My colleague Trey Hammond, Pastor of La Mesa Presbyterian Church wrote this article for his congregation's newsletter. I like to share it with you -
Blessings in this Christmas season! I hope you’ll celebrate the full twelve days of Christmas, until Epiphany on January 6th.. By extending the Christmas horizon, we have the chance to let all the implications of the season inform our lives after some of the dust has settled from all the social obligations of the season.
I remembered the Chesterton poem this Advent season as I participated in the Homeless Memorial Vigil last week at First United Methodist Church. This is a national vigil held near the winter solstice to remember those who perished while living on or near the streets. Sadly, there were 66 names this year in comparison to 48 last year, but even at the event several more names were added. Such a tragedy! The vigil includes a candlelit reading of the names of those being remembered.
There is also in the service an opportunity for remembrances. Poems are read, songs sung, and stories told to honor the dead. One woman came to speak of her son, who she remembered as a sweet young man who lost a battle with drugs. She came with a framed photo of him and there was not room on the lectern to set it. Just in front of the mike there was small manger, obviously a part of the Christmas decoration at the church, full of straw, but empty of the Christ child figure.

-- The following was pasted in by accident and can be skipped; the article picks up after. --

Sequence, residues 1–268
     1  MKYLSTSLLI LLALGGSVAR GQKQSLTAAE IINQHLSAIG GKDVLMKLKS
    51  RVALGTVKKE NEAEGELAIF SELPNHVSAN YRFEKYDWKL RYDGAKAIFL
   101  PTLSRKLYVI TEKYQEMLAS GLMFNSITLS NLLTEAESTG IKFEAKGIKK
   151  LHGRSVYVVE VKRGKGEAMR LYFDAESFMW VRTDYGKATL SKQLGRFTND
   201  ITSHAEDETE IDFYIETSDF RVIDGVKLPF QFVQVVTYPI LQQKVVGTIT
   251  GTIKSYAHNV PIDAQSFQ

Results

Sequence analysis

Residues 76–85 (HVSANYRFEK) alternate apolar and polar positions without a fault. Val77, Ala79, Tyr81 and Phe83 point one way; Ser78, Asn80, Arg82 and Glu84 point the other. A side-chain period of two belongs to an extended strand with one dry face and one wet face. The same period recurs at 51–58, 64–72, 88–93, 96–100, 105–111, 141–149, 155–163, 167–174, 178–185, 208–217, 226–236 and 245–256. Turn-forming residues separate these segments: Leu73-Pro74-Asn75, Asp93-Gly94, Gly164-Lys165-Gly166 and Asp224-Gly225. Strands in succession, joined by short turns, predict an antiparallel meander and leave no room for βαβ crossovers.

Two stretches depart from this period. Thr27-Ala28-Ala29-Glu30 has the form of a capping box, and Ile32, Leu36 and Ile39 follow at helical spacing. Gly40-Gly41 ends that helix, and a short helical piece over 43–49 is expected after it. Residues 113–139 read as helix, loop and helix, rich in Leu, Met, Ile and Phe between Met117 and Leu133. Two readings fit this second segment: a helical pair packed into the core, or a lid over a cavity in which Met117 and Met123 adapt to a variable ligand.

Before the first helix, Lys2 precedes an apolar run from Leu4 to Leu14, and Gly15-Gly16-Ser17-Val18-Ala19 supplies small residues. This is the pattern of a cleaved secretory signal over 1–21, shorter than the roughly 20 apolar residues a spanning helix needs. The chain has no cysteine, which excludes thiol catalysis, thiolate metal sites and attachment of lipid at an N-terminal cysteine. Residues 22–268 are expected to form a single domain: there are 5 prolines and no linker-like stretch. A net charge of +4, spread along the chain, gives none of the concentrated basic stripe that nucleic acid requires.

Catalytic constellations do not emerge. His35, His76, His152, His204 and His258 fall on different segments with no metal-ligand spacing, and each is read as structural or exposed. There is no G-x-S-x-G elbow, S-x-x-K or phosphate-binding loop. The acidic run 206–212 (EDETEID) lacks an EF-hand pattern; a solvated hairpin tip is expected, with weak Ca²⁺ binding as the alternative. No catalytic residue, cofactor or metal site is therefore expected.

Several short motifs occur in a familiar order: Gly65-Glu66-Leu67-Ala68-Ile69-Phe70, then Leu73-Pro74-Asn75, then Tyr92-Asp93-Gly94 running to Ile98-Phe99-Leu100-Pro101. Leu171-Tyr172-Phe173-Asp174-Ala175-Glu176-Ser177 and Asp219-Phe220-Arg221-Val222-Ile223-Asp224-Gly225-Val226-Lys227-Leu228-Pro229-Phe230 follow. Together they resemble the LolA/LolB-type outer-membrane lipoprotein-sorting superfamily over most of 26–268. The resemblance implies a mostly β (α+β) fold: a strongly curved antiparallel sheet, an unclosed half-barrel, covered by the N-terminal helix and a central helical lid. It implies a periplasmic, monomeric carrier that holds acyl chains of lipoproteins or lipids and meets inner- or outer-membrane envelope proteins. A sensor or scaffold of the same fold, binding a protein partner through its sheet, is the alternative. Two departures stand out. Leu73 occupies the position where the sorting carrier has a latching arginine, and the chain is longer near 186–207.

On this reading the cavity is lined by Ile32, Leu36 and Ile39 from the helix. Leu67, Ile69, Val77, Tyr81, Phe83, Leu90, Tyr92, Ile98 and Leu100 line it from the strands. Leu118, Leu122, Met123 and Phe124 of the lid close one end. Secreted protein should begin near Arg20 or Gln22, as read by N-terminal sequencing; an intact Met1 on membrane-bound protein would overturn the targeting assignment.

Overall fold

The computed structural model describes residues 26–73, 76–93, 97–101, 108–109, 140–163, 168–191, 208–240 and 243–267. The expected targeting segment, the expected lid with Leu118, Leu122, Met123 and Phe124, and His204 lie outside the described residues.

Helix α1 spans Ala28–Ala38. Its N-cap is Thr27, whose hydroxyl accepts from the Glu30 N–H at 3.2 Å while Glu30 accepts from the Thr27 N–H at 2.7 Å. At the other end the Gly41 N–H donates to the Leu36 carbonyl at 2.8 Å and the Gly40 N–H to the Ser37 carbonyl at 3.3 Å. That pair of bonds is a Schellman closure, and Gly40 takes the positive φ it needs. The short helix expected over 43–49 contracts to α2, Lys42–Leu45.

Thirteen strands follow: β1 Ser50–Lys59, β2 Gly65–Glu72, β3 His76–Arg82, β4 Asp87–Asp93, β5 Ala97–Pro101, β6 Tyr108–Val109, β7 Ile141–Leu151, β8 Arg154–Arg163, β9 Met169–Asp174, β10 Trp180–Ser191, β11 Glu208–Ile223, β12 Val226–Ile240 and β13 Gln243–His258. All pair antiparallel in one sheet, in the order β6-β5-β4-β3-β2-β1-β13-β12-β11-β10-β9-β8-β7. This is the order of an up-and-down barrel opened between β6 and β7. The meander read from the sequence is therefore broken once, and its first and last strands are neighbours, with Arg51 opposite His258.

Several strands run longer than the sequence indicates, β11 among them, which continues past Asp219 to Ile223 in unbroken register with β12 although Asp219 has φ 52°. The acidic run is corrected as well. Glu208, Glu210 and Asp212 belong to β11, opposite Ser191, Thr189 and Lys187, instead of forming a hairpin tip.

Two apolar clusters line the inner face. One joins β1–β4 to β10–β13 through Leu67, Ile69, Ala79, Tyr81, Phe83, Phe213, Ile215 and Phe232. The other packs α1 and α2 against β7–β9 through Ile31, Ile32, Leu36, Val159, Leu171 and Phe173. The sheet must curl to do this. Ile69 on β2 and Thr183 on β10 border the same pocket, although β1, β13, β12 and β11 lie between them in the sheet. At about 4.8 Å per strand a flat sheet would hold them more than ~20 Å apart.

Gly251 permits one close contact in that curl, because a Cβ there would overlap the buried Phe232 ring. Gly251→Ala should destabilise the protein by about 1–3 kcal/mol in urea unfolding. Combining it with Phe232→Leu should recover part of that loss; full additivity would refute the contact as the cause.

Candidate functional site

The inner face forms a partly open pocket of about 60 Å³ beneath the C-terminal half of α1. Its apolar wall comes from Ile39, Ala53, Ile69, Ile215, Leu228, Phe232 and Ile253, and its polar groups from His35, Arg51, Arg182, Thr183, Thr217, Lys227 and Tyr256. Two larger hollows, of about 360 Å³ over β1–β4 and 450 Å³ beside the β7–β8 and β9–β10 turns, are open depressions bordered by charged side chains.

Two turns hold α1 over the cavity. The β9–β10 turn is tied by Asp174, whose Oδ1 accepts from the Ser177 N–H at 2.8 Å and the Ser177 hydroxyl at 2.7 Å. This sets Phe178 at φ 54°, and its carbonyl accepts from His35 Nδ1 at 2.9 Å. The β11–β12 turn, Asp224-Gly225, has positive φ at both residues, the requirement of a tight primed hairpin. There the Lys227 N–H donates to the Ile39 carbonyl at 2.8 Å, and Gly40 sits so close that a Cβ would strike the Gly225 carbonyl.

The woman placed the image of her son in the manger and talked about her love for him, his sufferings and hers, but brimmed with a deep faith that God loved him and had received his life. She also affirmed her own sense of God’s love in her life. She remembered that God is especially close to those on the edge of the world, that Jesus was born practically homeless, so he especially understood. It was a beautiful action and some heartfelt theology. God with us and us with God. That is what she spoke of, her son in Christ’s manger, and Christ with us in the vulnerable places of our lives. The meaning of the incarnation was crystal clear in that sanctuary for a community that often feels their homelessness places outside acceptance, even by the church. At Christmas, we are accepted, we are invited home, God is with us and we are welcomed. All of us! This loving mother placed her son in a manger as had a young mother long ago and they trusted that sacred place in the world would be resting place for their beloved. The were both right! I look forward to the day when we have created such a just, compassionate society that such vigils are no longer needed.
I pray that this season will be as the poet suggests, “a place where humanity shall come home.” May all your gatherings and partings, your joys and longings, connect you with the God who loves us and is with us.